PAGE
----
Article: Synchronizing & strategizing during a scale-up

#A Question of Scale

Synchronizing & strategizing during a scale-up

Companies need to synchronize and strategize policies during a scale-up
Synchronizing & strategizing during a scale-up
 

Whether it is a start-up or an established organization, it is important for the organization to have clarity around its Rewards Philosophy

 

Synchronizing is the key to scale-up

Companies need to synchronize with the operational dimensions like business models, product, team, customers and financials before scaling-up, says Anshoo Sharma, Principal, Lightspeed Advisory Services India.

For companies that are scaling, raising capital and growing, there are three key factors that enable success — an idea that is ready for execution; the right team that out performs everyone else looking to build something similar; and capital to drive the first two. The balance of all these three things is important. Along with this, the promoter CEO needs to make sure that the company performs and does well. The CEO needs to find and back the right person who can lead the company. The point to note is that the CEO needs to be able to delegate and not get in the way of good quality people from doing their work. Capturing the market is also important. The market is not forgiving and most companies fail to scale. And one of the main causes for this is premature scaling — when the business is not synchronized with the operational dimensions like business models, product, team, customers and financials.  

Strategizing compensation policies during a scale-up

Shanthi Naresh, India Business Leader, Talent Consulting and Information Solutions at Mercer Consulting India Private Ltd,  on deciding the compensation strategy during a scale-up. 

As companies scale, how does the compensation strategy change?

Start-ups usually tend to pay for the competencies and skills of the person, which may not have a direct linkage to market pay levels. This ‘pay for person’ philosophy changes as companies scale and the number of employees increases. Larger companies look at paying industry-competitive pay levels based on a role/person. Such a pay for position approach provides the foundation for internal equity and a structured & transparent approach to compensation. Transition from an ad-hoc to the more rational pay for position philosophy, often requires significant pay corrections and usually happens over multiple years.

What steps should CEOs and CHROS take when establishing a new rewards and recognition system?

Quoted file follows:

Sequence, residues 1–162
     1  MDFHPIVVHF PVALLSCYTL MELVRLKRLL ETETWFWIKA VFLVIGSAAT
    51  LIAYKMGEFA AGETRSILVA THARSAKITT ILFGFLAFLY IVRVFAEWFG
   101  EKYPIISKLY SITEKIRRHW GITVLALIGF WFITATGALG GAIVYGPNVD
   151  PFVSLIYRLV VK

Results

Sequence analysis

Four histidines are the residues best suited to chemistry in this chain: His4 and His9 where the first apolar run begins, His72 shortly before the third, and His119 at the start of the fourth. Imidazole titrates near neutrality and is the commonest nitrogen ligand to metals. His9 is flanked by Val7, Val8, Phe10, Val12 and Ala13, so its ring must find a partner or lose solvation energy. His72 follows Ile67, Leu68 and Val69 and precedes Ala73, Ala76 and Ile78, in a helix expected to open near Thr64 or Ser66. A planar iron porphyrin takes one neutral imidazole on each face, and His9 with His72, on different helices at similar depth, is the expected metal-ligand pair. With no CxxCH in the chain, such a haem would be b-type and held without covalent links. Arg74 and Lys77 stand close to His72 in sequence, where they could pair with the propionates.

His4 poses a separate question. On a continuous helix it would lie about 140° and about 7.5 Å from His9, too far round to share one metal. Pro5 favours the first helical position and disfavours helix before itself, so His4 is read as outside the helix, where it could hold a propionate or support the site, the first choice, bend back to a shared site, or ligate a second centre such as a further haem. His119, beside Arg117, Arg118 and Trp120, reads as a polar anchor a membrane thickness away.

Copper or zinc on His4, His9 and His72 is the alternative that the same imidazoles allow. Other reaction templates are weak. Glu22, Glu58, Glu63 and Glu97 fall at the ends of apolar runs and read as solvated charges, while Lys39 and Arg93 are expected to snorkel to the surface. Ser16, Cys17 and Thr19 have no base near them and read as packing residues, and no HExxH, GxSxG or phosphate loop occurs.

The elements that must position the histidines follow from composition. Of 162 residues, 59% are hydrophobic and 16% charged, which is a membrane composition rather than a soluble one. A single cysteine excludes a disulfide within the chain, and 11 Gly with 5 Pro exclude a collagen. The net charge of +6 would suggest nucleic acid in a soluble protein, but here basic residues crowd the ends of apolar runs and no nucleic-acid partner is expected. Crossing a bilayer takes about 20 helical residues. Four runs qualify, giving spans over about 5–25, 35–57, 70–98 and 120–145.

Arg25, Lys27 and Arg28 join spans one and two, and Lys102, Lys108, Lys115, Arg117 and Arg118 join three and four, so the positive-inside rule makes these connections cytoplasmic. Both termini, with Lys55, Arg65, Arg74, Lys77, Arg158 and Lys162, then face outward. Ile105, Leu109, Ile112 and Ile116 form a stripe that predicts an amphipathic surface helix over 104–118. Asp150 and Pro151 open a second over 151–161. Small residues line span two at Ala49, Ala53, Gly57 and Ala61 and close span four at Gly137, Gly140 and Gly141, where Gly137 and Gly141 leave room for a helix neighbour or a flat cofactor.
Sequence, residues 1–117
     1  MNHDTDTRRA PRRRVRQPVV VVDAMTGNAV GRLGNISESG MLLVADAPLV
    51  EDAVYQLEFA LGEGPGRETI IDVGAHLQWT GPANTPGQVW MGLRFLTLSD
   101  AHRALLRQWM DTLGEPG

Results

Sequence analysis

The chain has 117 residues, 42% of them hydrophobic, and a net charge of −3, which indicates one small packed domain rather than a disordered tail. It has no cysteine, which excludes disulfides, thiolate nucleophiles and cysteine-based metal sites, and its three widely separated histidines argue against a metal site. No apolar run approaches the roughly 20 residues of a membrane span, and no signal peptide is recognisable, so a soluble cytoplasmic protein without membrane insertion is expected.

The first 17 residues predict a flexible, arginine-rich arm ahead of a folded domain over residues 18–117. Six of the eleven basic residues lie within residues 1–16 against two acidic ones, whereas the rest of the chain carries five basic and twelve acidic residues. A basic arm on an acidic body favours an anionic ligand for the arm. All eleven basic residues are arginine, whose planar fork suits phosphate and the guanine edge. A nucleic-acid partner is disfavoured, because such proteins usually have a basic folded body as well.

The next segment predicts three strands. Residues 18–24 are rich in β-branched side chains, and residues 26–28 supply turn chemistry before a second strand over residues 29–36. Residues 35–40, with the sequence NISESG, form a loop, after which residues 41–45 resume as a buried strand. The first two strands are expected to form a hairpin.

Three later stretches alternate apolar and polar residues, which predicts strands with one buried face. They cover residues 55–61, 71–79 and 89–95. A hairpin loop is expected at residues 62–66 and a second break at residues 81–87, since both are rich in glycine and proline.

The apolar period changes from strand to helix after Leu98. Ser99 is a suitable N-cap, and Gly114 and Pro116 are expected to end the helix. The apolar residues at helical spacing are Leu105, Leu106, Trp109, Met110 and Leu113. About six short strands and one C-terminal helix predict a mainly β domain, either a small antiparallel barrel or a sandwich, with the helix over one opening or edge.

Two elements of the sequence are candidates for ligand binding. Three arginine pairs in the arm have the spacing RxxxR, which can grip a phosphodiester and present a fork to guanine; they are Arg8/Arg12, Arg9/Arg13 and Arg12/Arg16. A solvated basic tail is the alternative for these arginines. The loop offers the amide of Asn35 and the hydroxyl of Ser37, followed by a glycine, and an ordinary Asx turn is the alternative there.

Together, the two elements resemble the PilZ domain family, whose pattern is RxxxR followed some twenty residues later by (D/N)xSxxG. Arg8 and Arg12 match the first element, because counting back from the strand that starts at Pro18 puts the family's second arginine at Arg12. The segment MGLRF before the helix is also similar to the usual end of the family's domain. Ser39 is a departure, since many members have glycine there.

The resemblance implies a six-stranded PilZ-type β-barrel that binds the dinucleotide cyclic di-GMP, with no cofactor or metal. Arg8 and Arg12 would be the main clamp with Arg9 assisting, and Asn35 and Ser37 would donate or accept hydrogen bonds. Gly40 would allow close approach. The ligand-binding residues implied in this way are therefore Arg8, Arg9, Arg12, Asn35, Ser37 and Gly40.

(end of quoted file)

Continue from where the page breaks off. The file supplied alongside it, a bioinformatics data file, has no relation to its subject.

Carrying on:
Whether it is a start-up or an established organization, it is important for the organization to have clarity around its Rewards Philosophy. In determining this philosophy, there are four considerations:

Culture and values: The “what”, “why”, “how much” and “when” questions around rewards need to be grounded in the organization’s belief systems, culture, and the behaviour and outcomes the organization expects from its employees.

The demographic mix: Company demographics influence the kind of rewards that will make the company’s value proposition compelling to its employees.

Looking at the market: Companies need to understand the market, analyze its competitors, and also be aware of the government and legislative changes that may impact the compensation structure or plan.

Cost of rewards: A very important aspect of the reward program is how much it will cost the company.  A judicious mix of tangible and intangible rewards may be required to balance cost versus value.

 

 

 

 

Topics: A Question of Scale, Strategic HR

Did you find this story helpful?

Authors


QUICK POLL

Is technology the answer to new-age talent acquisition challenges?

On News Stands Now
q_auto,f_auto/v1560247231/mag-june-2019.png

Subscribe now to the All New People Matters in both Print and Digital for 3 years.

In the next three years, 120 million jobs in the world’s 10 largest economies will need retraining or re-skilling. To adapt to this new environment and help shape it, employees need to embrace continuous learning. Amid these changes, HR needs to not think, act, or be like traditional HR; they need to understand their job is now “human transformation”. In this issue, we will focus on what HR leaders and organizations need to consider today to prepare for tomorrow.

Subscribe
And Save 59%

Subscribe now